Homily for the 2nd Sunday of Lent Year C
Theme: Metamorphosis or transformation.
By: Fr. Anthony Kadavil
Chaplain, Sacred Heart Home, Mobile, AL
Homily for Sunday March 13 2022
The common theme of today’s readings is metamorphosis or transformation. The readings invite us to work with the Holy Spirit to transform our lives by renewing them during Lent so that they radiate the glory and grace of the transfigured Lord to all around us by our Spirit-filled lives.
The first reading describes the transformation of Abram, a pagan patriarch, into a believer in the one God (Who would later “transform” Abram’s name to Abraham), and the first covenant of God with Abraham’s family as a reward for Abraham’s Faith and obedience to God.
The Responsorial Psalm (Ps 27) declares that Faith, singing, “I believe that I shall see the bounty of the Lord in the land of the living.”
In the second reading, St. Paul argues that it is not observance of the Mosaic Law and circumcision that transforms people into Christians, and hence, that Gentiles need not become Jews to become Christians. St. Paul urges us to stand firm in our Faith and to live a life of discipleship with Jesus now, so that we may share in a glorious future later.
In the Transfiguration account in today’s Gospel, Jesus is revealed as a glorious figure, superior to Moses and Elijah. The primary purpose of Jesus’ Transfiguration was to allow Him to consult his Heavenly Father in order to ascertain His plan for His Son’s suffering, death, and Resurrection. The secondary aim was to make Jesus’ chosen disciples aware of his Divine glory, so that they might discard their worldly ambitions and dreams of a conquering political Messiah and might be strengthened in their time of trial. On the mountain, Jesus is identified by the Heavenly Voice as the Son of God. Thus, the Transfiguration experience is a Christophany, that is, a manifestation or revelation of Who Jesus really is. Describing Jesus’ Transfiguration, the Gospel gives us a glimpse of the Heavenly glory awaiting those who do God’s will by putting their trusting Faith in Him.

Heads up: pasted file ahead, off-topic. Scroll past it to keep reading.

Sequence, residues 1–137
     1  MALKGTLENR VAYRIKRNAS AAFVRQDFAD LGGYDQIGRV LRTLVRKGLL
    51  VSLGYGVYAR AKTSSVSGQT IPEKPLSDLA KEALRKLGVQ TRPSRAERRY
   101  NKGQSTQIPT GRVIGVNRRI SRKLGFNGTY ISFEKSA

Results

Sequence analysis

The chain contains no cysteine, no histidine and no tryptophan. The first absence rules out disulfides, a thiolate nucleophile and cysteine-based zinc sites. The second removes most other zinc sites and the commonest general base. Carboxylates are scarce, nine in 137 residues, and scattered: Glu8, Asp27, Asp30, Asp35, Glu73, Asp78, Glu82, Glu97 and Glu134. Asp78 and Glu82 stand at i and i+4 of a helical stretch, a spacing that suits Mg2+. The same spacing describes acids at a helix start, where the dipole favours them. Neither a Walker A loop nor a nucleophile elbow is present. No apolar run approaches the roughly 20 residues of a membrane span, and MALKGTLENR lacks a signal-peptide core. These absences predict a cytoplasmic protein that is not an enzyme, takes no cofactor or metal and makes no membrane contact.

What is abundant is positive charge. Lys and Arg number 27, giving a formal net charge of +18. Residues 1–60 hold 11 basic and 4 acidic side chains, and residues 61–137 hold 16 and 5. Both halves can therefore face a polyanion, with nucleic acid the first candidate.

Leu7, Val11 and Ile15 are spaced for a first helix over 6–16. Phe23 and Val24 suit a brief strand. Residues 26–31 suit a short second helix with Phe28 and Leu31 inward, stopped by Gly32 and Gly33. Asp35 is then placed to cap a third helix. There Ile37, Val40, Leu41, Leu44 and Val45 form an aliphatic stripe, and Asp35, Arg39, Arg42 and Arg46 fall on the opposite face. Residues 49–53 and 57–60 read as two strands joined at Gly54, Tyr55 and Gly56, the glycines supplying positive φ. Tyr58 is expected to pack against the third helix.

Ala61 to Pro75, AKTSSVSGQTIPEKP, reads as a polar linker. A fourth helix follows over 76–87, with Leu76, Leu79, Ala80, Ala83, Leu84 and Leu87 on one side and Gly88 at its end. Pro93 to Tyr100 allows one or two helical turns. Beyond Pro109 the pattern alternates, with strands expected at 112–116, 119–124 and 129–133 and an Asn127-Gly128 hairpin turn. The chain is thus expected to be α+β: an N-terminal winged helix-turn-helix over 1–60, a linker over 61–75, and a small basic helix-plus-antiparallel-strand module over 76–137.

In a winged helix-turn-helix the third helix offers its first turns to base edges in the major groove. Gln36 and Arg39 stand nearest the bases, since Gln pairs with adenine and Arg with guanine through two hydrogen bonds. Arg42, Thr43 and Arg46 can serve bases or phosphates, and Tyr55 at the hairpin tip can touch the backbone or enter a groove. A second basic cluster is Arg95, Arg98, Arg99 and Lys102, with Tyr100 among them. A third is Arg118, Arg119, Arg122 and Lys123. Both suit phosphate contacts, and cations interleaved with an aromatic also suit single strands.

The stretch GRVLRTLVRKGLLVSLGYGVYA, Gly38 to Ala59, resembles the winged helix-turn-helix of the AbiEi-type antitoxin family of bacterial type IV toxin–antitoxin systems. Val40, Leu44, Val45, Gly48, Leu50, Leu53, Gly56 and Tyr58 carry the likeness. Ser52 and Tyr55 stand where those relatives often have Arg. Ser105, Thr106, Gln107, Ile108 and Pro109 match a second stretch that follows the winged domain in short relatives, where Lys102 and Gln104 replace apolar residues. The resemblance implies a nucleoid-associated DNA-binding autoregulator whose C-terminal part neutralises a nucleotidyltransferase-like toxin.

Life messages: (1) The “transfiguration” in the Holy Mass is the source of our strength: In each Holy Mass, the bread and wine we offer on the altar become “transfigured” or transformed (transubstanted) into the living Body and Blood soul and Divinity of the crucified, risen, and glorified Jesus. Just as Jesus’ Transfiguration was meant to strengthen the apostles in their time of trial, each holy Mass should be our source of Heavenly strength against temptations, and for our Lenten renewal.
(2) Each time we receive one of the Sacraments, we are transformed: For example, Baptism transforms us into sons and daughters of God and heirs of heaven. Confirmation makes us temples of the Holy Spirit and warriors of God. By the Sacrament of Reconciliation, God brings back the sinner to the path of holiness.
(3) The Transfiguration of Jesus offers us a message of encouragement and hope: In moments of doubt and during our dark moments of despair and hopelessness, the thought of our own transfiguration in Heaven will help us to reach out to God and to listen to His consoling words to Jesus: “This is my beloved Son in Whom I am well pleased — listen to Him!” and so share the glory of His transfiguration.
(4) We need “mountain-top experiences” in our lives: We share the mountain-top experience of Peter, James, and John when we spend extra time in prayer during Lent. Fasting for one day can help the body to store up spiritual energy. This spiritual energy can help us have thoughts that are far higher and nobler than our usual mundane thinking.